Access to Healthy Food Options in Rural Areas
As infants and toddlers consume more solid foods, it is important for parents and caregivers to have access to
healthy foods. Children should be encouraged to consume nutritionally rich snacks and meals such as fruits and
vegetables and lean proteins, as these are good sources of nutrients. Consuming empty calories such as those
found in energy-dense options (like chips, fast food, and cookies) should be discouraged. Sugar-sweetened
beverages contribute significantly to obesity.
Rural communities often have limited healthy food options and face barriers to accessing healthy foods.
In many communities, lower population rates and economic shifts have reduced the presence of food retailers.
Travel distance may make it difficult for residents to shop at food stores that provide affordable, healthy
options. Needing to travel introduces barriers of transportation and financial
resources, both of which are more constrained in many rural communities.
There are opportunities to develop programs within rural communities that improve healthy food options for young
children. Setting up farm-to-preschool programs in
childcare settings may provide an opportunity to bring fresh fruits and vegetables to young children while
supporting local growers. These programs typically incorporate learning opportunities for the children.
Developing a Summer Food Service Program to provide
meals to low-income rural communities can help provide healthy food options to families in need while reducing
For more information on food access programs in rural communities, please see the Approaches to Increase Access to Foods that Support Healthy Eating Patterns in the Social Determinants of Health in Rural Communities Toolkit and the Hunger and Access to Healthy Food topic guide.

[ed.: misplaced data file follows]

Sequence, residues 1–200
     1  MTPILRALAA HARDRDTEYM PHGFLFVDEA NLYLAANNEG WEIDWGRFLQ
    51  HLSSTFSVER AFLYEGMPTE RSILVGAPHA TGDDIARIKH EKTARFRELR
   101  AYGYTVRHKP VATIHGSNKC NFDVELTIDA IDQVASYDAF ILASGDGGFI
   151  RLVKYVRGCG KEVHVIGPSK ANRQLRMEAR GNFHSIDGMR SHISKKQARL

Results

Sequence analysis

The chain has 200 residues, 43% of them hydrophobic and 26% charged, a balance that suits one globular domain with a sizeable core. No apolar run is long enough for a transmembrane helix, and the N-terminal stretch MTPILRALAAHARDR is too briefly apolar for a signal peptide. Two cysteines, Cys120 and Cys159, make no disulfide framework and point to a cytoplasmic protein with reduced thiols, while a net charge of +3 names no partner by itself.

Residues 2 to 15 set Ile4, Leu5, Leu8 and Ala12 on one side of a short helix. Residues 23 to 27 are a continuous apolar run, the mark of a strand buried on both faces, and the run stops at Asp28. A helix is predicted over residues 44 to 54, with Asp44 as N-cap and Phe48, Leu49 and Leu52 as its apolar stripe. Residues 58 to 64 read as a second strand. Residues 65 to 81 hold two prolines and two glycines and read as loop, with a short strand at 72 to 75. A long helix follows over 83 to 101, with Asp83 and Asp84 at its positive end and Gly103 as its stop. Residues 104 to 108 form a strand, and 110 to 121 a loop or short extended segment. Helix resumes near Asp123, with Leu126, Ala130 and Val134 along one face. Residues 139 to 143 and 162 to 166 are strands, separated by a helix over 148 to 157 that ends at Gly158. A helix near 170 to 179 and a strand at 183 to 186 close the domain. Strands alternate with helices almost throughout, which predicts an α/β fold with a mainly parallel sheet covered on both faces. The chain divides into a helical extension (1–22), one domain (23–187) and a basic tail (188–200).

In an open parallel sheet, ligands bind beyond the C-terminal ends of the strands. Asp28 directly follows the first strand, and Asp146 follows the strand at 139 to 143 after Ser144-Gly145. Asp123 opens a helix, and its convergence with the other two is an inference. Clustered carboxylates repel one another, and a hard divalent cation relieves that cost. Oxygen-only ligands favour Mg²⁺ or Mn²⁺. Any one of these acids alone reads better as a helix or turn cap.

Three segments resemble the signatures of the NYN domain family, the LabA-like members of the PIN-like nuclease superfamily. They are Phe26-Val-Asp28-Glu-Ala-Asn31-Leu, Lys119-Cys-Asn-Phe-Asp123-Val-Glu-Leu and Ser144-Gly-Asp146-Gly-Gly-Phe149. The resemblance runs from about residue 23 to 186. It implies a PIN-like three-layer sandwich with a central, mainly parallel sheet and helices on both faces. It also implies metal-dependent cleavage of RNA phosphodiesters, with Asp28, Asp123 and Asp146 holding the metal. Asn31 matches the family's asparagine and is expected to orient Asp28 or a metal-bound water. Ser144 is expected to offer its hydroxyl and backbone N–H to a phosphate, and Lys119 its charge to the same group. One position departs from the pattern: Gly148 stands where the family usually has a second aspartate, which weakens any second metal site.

Resources to Learn More
Child Care Obesity Prevention Recommendations: Complete List
Identifies foods and behaviors to encourage and avoid in childcare and home settings to cultivate healthy eating
habits and prevent obesity prevention.
Organization(s): Harvard T.H. Chan School of Public Health
Head Start: Nutrition
Provides nutrition resources for early childcare program managers and staff supporting healthy eating habits in
pregnant women and children. Discusses responsive feeding and positive feeding environments, and offers tips for
families to help their children develop healthy eating behaviors.
Organization(s): Head Start, Early Childhood Learning & Knowledge Center
Healthy Eating Research: Early Childhood,
Infants and Toddlers, Preschool-age Children
Identifies research and publications focused on policy and environmental changes in childcare and preschool
settings. Discusses behaviors during infancy and early childhood and their impact on obesity.
Organization(s): Robert Wood Johnson Foundation
Team Nutrition: My Plate
Lists lessons, activities, posters, handouts, songs, lunch menus, and other resources developed by the MyPlate
program, an initiative supporting nutrition education for children and their parents/caregivers. In-home,
sponsored, and childcare centers participating in USDA's Child Nutrition Programs may request free printed copies of many of these materials.
Organization(s): Food and Nutrition Service, U.S. Department of Agriculture